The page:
Phantom pain for an amputee is no joke. It can be traumatic enough to have lost a limb but when pain continuously occurs in that area, it will feel incredibly real and more than a little disconcerting. It’s worth noting that 9 out of 10 amputees are likely to experience phantom pain in the first few weeks following their amputation and even though surgery may go well, the patient must come to terms with the loss. The pain experienced may vary from person to person but, tingling, cramping, stabbing pains, or burning sensations are possible. Most people report that the symptoms gradually lessen although there are triggers that can seemingly spark off the sensations unexpectedly. These are on an individual level.
For some people, the pain becomes a part of everyday life and it’s important to manage these symptoms effectively. Pain management is an important part of the whole recovery process and goals made will have the purpose of reducing pain levels experienced as this provides quality of life once more. The sensations associated with phantom limb pain often mimic pain that was still experienced when the body part was there and will usually, occur in the distal parts of the limb. Initially, people may be reluctant to admit that they are feeling pain in this area as they are concerned that others will think they are crazy. But, acknowledging it, simply means treatment can commence. It occurs through mixed signals being released from the spinal cord or brain and many of the latest therapies will look at how to change these signals to prevent pain from occurring.
There are different treatments for phantom limb pain and these include:
- Physical therapy
- Massage of the residual limb
- Spinal cord stimulation
- Interventional injections
Medication can help to improve pain, and these include:
- Tricyclic antidepressants
- Sodium channel blockers
Stellate ganglion blocks are often used where there is phantom limb pain for the upper extremities. Blocks will often be used with other therapies such as physical therapy for maximum benefits.
To understand how it works, we need to look at the sympathetic nervous system where there are nerves which regulate specific functions of the body including sweating, blood pressure, and heart rate. If a peripheral nerve becomes damaged, the sympathetic nervous system acts like a conductor for pain signals when they do not usually. So, this type of block can be used for alternate health condition or to fix trauma to the nerves themselves.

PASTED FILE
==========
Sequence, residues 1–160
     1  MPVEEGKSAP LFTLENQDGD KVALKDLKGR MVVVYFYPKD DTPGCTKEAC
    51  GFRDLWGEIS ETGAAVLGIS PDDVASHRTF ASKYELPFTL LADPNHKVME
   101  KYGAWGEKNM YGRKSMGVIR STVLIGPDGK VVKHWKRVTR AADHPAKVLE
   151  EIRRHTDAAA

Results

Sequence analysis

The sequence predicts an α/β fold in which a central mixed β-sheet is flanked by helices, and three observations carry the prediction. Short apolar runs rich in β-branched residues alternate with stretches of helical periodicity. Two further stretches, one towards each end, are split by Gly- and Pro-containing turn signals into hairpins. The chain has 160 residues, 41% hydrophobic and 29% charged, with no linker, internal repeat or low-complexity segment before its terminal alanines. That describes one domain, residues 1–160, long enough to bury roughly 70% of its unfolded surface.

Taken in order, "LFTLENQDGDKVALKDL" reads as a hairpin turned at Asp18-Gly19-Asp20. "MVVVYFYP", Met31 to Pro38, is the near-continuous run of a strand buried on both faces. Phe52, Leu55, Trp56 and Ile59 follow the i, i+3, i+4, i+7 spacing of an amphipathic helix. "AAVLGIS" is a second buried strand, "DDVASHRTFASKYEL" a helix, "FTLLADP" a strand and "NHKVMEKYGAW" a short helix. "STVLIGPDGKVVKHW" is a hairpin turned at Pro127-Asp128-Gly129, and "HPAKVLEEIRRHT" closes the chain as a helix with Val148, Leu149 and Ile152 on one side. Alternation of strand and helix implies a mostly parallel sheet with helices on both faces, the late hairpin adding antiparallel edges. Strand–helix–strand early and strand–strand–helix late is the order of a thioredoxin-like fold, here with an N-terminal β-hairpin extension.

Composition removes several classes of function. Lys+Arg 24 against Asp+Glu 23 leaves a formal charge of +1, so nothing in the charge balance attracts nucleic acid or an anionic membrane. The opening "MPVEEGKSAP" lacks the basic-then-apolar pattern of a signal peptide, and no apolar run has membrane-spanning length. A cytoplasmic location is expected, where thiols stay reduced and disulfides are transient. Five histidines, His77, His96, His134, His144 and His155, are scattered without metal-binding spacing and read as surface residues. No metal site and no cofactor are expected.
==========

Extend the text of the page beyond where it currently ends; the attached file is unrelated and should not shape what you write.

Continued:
A stellate ganglion is a collection of these nerves placed at the last vertebra of the neck, they are in front of the vertebrae and operate as a pair and this enables sympathetic function for the upper extremities but also, for both sides of the face. For obvious reasons, a medical diagnosis should be sought to determine the extent of the damage and how to manage pain. When doctors recommend this diagnostic treatment, there may be improvements to pain experienced in the neck, chest, and head, even those caused by angina, it may also reduce sweating. It is minimally invasive, and following a local anesthetic, contrast dye is an injection to make sure the needle is in the right position and a numbing medication is injected into the stellate ganglion.
This treatment and can be used for a variety of conditions including shingles, reflex sympathetic dystrophy, and post-traumatic stress disorder so it is worth considering if phantom pain or any of these other conditions need to be treated as this can give life some normality.